Rose Byrne is a member of what I like to refer to as the graduating class of Bridesmaids. Nearly all of the actors who starred in Paul Feig's 2011 comedy have gone on to become powerhouse women in comedy, winning acclaim and awards for their hugely successful works. Melissa McCarthy's career has exploded, as has her Ghostbusters costar Kristen Wiig's. Meanwhile, Wendi McLendon-Covey and Ellie Kemper are TV stars with The Goldbergs and Unbreakable Kimmy Schmidt, respectively, and Rebel Wilson and Maya Rudolph are killing it in all areas. But for all of these stars' successes, there are still lingering ideas in Hollywood that women aren't funny, that they can't carry films, and that if a female-led film does succeed, it's a fluke, not the norm. Speaking to Bustle, Byrne, the star of May's Neighbors 2, says she's all too aware of this frustrating truth.
"I think it still has a ways to go," the actor says. "But at least people are talking about it and it's being addressed as this inherent sexism within the business."
Byrne points to several women in Hollywood who've taken it upon themselves to write or produce female-led projects they feel strongly about: Kay Cannon, writer and producer of 30 Rock and the Pitch Perfect films; stand-up comedian Whitney Cummings; and of course, Tina Fey and Amy Poehler. "There are so many," Byrne says about women in comedy she admires. "I find that inspiring. And yet it's important to just to keep all that momentum going."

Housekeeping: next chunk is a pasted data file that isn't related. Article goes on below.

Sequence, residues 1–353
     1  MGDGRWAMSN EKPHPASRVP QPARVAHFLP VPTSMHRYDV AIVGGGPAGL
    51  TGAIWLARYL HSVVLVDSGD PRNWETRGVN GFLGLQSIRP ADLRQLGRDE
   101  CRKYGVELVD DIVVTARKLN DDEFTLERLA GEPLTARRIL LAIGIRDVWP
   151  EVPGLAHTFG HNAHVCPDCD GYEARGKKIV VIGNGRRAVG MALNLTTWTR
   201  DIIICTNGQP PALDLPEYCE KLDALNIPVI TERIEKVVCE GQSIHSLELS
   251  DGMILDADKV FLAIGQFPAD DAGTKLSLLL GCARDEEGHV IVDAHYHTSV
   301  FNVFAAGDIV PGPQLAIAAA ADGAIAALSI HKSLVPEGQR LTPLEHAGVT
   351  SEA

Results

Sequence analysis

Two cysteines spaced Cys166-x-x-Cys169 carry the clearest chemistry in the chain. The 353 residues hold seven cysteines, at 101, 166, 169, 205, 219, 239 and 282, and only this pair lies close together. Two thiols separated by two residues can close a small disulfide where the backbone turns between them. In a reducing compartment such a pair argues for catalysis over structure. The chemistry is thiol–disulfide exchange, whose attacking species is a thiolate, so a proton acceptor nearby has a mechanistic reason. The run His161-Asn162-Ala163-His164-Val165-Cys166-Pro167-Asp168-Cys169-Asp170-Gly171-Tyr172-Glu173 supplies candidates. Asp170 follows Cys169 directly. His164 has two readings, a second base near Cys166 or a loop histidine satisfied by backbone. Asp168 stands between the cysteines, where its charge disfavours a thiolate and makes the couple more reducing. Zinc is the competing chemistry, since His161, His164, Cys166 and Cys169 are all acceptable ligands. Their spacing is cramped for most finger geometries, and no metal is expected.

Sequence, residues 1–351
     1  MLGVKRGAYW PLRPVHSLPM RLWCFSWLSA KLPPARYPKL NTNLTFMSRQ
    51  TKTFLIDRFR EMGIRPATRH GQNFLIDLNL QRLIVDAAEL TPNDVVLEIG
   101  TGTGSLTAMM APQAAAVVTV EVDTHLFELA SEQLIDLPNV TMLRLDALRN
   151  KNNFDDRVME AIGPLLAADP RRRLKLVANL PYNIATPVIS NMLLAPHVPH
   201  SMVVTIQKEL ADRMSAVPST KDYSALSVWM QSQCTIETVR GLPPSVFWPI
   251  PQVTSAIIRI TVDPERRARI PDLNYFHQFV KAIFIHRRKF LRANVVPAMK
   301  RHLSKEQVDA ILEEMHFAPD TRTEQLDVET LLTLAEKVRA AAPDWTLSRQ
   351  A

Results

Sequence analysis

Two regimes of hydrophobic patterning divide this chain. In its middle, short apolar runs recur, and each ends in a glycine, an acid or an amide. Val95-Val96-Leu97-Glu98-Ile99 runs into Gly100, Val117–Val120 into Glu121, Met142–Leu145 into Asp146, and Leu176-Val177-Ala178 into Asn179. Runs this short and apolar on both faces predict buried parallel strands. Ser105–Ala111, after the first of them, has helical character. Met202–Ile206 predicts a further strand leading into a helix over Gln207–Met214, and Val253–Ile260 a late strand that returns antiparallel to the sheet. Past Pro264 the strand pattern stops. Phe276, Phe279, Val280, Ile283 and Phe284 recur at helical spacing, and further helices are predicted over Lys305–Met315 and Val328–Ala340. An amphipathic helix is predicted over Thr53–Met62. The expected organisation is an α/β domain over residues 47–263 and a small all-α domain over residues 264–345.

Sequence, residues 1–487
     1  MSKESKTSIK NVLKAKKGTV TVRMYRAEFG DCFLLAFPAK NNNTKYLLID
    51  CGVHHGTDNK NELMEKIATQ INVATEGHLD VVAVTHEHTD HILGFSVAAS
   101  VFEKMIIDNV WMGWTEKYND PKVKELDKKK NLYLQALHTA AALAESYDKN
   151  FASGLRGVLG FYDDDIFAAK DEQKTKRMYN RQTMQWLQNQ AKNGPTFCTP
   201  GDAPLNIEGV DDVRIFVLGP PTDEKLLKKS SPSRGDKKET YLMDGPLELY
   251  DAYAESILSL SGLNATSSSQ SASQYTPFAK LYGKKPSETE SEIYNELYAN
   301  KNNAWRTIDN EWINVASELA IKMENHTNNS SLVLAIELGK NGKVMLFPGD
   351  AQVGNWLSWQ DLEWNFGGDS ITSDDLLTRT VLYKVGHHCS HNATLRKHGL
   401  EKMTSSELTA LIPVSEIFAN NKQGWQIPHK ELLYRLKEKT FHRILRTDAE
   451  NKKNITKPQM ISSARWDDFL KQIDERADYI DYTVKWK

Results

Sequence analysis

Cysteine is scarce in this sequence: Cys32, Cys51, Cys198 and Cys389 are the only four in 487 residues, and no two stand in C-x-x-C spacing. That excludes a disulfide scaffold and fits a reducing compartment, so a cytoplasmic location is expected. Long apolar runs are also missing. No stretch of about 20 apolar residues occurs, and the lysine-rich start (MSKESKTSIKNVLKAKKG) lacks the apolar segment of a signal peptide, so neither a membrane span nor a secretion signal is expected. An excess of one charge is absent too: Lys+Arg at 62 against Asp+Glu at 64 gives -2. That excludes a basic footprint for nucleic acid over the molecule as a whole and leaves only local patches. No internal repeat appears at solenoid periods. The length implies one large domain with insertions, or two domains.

Byrne also notes male directors like Feig, Judd Apatow, and Nicholas Stoller, who directed Neighbors 2, for embracing women-centric comedies and becoming supportive male allies. "They are great champions who are changing [things]," Byrne says.
Right now, Byrne is busy promoting her own great role, that of Kelly Radnor in Neighbors 2, the sequel to the 2014 parents-vs-frat comedy starring Seth Rogen and Zac Efron. This time around, Rogen and Byrne's characters are up against a sorority instead of a fraternity, and the antics lead to a bawdy comedy with hilarious, flawed, and empowered women at its center. Meanwhile, Byrne is also busy working behind-the-scenes, having started her own production company, The Dollhouse Collective, in 2015. The company is run completely by women, and Byrne says she's currently "trying to get a project up and running," so hopefully, fans will get to see Dollhouse's contributions soon.
With Byrne keeping busy as an actor and producer, it's natural to wonder if taking on directing is next in her docket. And when I ask the star if she'd ever consider making a film herself, she doesn't immediately cast the idea aside. Instead, she says, "Not so much, but yeah you never know... Maybe down the line, [I'd like] to write or direct, but at the moment I'm just trying to force myself to realize where my head is at."
One big thing taking up a lot of her attention? Parenthood. In February, Byrne gave birth to son Rocco, her child with actor Bobby Cannavale, and the new parent is "a little tired," she reveals. She adds, though, that life is imitating art in an amusing way. "It's funny, there's a scene in the first [Neighbors] where we're trying to get out of the house with the little kid and it takes us forever," Byrne says. "That's literally what happens every time I try and leave the house. It's like, 45 minutes. By the time I'm ready to go, I'm exhausted." But as Neighbors 2 shows, she's clearly not too exhausted to keep making audiences laugh.